Gigabyte's In-House Overclocker Cranked Intel's $64 Pentium Gold G7400T To 5.8GHz
Intel recently expanded its lineup of Alder Lake processors with several new additions, among them the Pentium Gold G7400T, one of the least expensive chips in the lineup. Priced at $64 (in trays of 1,000 units), it's very much a budget chip. Apparently it's also capable of big overclocks even though it has a locked multiplier.
When it comes to Intel chips, overclockers in the modern era generally gravitate towards CPUs with a "K" designation, as those processors have unlocked multipliers. However, board makers have begun allowing for base clock (BCLK) adjustments on locked (non-K) chips, and overclockers have subsequently been testing the bounds of Intel's Alder Lake stack.
Enter HiCookie, Gigabyte's in-house overclocker. He got his mitts on a Pentium Gold G7400T and goosed the CPU all the way to 5.8GHz (just a hair over, actually—5,808MHz) using a Gigabyte Z690 Aorus Tachyon motherboard. And yes, it required liquid nitrogen (LN2) to get there, but it's still an impressive feat.
The Pentium Gold G7400T is a dual-core processor comprised of two P-cores (Golden Cove) with Hyper Threading support, and no E-cores (Gracemont). It has 6MB of L3 cache, 2.5MB of L3 cache, a 35W base power rating, and runs at a steady 3.1GHz at stock settings. The sub-$100 pricing makes it an attractive options for budget builds.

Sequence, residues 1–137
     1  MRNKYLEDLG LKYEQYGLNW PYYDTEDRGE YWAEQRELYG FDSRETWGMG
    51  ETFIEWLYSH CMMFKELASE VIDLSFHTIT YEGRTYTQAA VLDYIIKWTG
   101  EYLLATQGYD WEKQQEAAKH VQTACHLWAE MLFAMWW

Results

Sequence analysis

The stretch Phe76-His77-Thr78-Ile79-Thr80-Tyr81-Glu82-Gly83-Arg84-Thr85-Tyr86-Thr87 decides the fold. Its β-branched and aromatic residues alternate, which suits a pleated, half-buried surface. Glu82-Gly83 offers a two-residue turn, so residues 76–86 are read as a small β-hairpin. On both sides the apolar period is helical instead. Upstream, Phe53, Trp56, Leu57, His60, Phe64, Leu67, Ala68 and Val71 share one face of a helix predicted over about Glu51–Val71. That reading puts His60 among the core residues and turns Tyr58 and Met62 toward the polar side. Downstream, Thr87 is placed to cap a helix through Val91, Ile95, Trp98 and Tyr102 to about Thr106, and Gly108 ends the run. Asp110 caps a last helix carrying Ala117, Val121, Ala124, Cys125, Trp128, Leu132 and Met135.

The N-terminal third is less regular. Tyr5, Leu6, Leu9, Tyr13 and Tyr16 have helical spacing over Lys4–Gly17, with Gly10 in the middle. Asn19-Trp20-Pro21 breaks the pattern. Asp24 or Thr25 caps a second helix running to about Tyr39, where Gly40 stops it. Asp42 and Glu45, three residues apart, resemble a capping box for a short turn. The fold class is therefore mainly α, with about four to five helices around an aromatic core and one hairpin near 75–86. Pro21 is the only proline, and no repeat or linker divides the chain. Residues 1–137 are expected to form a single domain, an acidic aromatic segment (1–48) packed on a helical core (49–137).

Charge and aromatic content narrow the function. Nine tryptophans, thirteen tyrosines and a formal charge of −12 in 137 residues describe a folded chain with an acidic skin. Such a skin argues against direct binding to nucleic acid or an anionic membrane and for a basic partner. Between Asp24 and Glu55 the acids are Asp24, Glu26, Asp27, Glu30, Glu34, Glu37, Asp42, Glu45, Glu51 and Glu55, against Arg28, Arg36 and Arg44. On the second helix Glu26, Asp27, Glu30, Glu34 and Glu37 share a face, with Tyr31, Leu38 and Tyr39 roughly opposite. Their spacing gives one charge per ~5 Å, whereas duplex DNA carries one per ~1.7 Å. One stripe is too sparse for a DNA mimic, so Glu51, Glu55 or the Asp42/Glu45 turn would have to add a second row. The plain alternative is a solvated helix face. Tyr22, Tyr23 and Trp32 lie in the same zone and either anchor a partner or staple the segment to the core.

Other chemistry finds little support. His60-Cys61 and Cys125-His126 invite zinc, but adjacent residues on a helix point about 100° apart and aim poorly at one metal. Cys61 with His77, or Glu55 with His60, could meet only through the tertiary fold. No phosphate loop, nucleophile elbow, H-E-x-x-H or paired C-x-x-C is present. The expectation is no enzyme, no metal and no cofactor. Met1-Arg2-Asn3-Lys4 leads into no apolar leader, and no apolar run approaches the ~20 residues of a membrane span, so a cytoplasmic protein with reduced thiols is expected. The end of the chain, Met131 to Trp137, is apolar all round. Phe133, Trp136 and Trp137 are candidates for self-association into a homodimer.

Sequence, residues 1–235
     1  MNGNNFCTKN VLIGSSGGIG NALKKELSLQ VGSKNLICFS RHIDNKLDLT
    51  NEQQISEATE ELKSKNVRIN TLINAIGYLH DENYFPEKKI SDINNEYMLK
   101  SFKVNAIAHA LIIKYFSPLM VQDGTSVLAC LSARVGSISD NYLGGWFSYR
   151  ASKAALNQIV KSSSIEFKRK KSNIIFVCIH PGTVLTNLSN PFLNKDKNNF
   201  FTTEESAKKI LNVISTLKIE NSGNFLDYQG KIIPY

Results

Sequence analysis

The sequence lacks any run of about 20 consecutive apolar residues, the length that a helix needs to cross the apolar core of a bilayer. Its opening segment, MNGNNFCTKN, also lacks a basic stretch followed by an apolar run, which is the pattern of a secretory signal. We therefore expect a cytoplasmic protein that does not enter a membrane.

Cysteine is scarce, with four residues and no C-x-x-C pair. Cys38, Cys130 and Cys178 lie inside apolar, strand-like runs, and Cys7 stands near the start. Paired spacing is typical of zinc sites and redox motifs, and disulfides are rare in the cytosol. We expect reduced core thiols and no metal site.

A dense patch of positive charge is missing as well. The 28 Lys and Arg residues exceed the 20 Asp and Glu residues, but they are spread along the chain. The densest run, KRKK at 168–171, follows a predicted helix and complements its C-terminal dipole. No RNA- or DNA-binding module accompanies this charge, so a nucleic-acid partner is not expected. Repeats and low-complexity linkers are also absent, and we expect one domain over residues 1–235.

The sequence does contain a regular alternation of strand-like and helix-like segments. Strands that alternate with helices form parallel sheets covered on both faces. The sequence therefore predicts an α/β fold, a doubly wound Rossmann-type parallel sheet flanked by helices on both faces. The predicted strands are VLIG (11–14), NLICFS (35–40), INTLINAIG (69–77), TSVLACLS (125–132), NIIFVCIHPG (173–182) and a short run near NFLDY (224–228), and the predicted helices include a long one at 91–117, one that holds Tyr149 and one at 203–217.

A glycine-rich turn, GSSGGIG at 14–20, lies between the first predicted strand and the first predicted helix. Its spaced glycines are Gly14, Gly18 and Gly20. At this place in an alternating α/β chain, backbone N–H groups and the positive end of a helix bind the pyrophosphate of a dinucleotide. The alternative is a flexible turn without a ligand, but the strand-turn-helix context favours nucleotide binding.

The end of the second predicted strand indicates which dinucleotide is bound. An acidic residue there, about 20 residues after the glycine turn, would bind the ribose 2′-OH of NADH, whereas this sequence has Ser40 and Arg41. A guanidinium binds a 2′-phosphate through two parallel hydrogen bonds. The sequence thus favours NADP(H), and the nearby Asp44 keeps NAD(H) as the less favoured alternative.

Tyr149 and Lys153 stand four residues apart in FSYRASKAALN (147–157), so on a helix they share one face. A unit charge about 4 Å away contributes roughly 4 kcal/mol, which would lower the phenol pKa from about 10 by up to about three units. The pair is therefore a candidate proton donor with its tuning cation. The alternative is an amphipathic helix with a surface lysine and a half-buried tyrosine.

Back in the old days, the occasional low-end chip would emerge as a real gem for overclocking. That isn't quite the case here, as the use of LN2 obviously makes this impractical for everyday users. Nevertheless, HiCookie cranked the voltage to 1.656V, pushed the BCLK to 187MHz (up from 100MHz), and then ran some benchmarks.
While not the highest frequency ever, this does rank as the fastest dual-core CPU in Geekbench 3.4.4, where the chip posted a 9,219 single-threaded score and a 20,107 multi-threaded score. The multi-core score is way ahead of the previous record holder in the dual-core category, the Core i3-7350K with a score of 16,265. And that chip had set the previous record while running at 6,836MHz.
HiCookie also achieved record scores in Y-Cruncher Pi 1B and HWBot's X265 4K and X265 benchmarks. Good stuff, and hat tip to HD Technologia for spotting this.